+9
    The Japanese will not be able to create their own aircraft. Americans will not give. They then where to sell their scrap metal.
    1. mirag2
      mirag2 April 17 2014 12: 12 New
      +4
      Yes, most likely, remember how hard the Japanese auto industry made its way to the US car market.
      And they will be independent with the American planes, they will be pressed (for example) with the auto industry.
      As Samsung was tried, judged for the "stolen" form of a smartphone, after a couple of years they were allowed to sell them, but Apple had already sold its own, and all the models are outdated and Samsung has no reason to push its own, new ones need to be pushed into the US market, and again obstacles .. ...
      The United States defends its manufacturers, but what for the whole production from China is dragged to itself if Apple is unable to compete with Samsung due to the price (it was already more expensive, but with the condition of production in the states, it went up in price for Apple itself) margin fell).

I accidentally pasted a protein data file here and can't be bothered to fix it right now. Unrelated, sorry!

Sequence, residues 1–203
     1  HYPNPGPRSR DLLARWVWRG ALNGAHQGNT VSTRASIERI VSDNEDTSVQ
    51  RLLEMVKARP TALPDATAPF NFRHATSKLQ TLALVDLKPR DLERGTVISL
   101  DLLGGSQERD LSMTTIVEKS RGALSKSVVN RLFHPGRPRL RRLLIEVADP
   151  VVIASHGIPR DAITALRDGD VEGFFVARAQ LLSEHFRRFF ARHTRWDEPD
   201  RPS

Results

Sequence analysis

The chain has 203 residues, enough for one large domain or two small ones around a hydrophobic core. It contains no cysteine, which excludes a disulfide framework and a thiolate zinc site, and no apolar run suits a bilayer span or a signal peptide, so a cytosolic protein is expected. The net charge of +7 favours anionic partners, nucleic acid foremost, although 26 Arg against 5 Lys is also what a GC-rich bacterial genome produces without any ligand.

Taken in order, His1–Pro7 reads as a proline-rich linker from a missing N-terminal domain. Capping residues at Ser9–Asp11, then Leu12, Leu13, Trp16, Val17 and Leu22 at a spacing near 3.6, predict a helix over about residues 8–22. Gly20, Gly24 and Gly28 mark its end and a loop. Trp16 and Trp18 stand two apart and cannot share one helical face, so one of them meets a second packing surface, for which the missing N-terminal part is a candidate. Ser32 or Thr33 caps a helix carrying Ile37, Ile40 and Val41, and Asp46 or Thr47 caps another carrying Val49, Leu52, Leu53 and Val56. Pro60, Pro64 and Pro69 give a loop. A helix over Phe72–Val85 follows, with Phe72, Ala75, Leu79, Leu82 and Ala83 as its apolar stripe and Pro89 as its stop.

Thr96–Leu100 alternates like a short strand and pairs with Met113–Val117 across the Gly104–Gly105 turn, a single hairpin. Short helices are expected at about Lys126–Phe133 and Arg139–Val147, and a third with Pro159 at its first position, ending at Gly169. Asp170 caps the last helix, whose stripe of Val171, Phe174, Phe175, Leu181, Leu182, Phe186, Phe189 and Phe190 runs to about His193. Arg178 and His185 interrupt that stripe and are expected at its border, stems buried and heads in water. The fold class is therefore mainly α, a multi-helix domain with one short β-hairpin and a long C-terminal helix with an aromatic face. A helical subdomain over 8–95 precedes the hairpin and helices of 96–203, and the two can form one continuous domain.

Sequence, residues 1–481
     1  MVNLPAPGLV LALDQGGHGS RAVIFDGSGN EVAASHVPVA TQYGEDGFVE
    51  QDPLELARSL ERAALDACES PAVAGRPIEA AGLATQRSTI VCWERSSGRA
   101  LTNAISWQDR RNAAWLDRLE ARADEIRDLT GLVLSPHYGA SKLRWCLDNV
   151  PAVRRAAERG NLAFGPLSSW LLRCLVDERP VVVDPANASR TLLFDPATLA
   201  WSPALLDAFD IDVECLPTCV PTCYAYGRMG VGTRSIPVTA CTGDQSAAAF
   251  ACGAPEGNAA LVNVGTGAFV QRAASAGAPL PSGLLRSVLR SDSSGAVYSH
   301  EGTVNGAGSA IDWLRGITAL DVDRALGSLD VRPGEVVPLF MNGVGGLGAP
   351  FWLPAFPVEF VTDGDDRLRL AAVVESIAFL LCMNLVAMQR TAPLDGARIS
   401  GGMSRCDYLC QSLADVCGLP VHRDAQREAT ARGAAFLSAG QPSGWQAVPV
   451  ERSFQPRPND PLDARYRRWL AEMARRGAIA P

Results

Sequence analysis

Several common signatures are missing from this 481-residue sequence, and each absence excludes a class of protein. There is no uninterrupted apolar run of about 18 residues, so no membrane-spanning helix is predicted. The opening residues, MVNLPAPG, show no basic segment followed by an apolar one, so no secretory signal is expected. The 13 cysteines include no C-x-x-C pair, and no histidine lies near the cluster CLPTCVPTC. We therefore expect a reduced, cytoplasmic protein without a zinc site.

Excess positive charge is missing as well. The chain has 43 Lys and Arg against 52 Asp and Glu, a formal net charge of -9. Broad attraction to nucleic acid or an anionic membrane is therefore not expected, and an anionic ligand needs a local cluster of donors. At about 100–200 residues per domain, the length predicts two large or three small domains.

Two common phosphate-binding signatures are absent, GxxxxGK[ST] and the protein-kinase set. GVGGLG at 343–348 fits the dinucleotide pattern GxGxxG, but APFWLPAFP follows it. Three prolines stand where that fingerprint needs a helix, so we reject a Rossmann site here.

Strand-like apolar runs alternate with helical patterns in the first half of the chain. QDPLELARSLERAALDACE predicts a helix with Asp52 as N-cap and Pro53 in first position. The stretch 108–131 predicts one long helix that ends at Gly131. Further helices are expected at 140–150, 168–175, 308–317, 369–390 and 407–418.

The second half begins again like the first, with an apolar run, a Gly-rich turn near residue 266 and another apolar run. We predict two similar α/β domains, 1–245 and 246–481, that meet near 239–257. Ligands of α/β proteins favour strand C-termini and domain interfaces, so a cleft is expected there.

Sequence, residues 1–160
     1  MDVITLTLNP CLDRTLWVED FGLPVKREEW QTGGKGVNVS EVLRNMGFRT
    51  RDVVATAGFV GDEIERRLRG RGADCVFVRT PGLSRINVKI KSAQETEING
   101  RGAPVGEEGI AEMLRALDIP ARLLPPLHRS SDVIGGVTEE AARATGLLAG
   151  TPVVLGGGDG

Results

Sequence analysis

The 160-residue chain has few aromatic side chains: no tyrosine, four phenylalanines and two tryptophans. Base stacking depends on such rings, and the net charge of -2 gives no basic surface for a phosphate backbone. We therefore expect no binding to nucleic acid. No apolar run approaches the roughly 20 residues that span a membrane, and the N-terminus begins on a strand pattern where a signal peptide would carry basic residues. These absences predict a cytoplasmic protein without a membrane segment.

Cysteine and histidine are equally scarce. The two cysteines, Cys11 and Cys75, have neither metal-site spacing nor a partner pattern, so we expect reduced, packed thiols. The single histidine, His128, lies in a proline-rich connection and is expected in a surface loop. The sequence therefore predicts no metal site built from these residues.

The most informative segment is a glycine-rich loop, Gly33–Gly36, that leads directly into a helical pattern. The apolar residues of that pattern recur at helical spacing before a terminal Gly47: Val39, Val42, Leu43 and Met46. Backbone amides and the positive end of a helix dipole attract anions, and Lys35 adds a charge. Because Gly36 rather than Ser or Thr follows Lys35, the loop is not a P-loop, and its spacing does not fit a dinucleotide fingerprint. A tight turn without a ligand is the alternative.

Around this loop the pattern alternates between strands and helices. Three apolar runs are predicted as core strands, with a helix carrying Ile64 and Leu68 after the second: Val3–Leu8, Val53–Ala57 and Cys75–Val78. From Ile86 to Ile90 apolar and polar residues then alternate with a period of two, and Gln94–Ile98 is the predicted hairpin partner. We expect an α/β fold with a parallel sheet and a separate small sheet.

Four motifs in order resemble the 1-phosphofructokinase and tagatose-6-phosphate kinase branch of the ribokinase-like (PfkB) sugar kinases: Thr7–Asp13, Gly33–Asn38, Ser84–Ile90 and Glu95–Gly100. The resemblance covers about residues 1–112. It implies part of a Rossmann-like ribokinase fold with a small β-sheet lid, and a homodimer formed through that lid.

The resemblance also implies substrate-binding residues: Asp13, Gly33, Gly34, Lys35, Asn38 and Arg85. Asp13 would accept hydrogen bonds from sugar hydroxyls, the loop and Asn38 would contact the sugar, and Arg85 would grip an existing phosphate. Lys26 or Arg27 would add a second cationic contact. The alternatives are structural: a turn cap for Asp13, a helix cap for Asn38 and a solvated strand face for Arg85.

2. clidon
      clidon April 17 2014 12: 28 New
      +1
      I think that they will no longer have problems with the Americans, but with technologies. Not only do they get everything incredibly expensive, but also there are not so many opportunities as they wanted. I do not exclude that in general all this fuss with the "native" fifth generation will subside as soon as the Pentagon lowers the cost of the F-35 (including by permitting the inclusion of Japanese equipment on board) or authorizes (although unlikely) the export of the F-22.
    3. Phase
      Phase April 17 2014 12: 47 New
      +3
      Quote: Aleksandr12
      The Japanese will not be able to create their own aircraft. Americans will not give. They then where to sell their scrap metal.

      This is so, just remember the story of the civilian YS-11.

      The Yukosuka was a local airline and probably the best aircraft in its class. It began to be purchased by American airlines engaged in regional transportation. The US found a way to strangle this program, although a number of aircraft are still flying. The YS-11 itself was not dangerous, the Americans are not monopolists in the regional aircraft market and willingly buy both Dornier and Fokker.